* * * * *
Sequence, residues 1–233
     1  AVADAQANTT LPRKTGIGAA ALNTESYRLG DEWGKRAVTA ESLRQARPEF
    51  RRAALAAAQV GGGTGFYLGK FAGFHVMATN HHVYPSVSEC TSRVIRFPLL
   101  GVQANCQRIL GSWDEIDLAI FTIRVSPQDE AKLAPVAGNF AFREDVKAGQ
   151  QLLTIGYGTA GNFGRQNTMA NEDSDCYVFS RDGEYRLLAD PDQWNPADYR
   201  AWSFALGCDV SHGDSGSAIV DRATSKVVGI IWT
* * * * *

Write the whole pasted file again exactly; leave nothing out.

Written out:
Sequence, residues 1–233
     1  AVADAQANTT LPRKTGIGAA ALNTESYRLG DEWGKRAVTA ESLRQARPEF
    51  RRAALAAAQV GGGTGFYLGK FAGFHVMATN HHVYPSVSEC TSRVIRFPLL
   101  GVQANCQRIL GSWDEIDLAI FTIRVSPQDE AKLAPVAGNF AFREDVKAGQ
   151  QLLTIGYGTA GNFGRQNTMA NEDSDCYVFS RDGEYRLLAD PDQWNPADYR
   201  AWSFALGCDV SHGDSGSAIV DRATSKVVGI IWT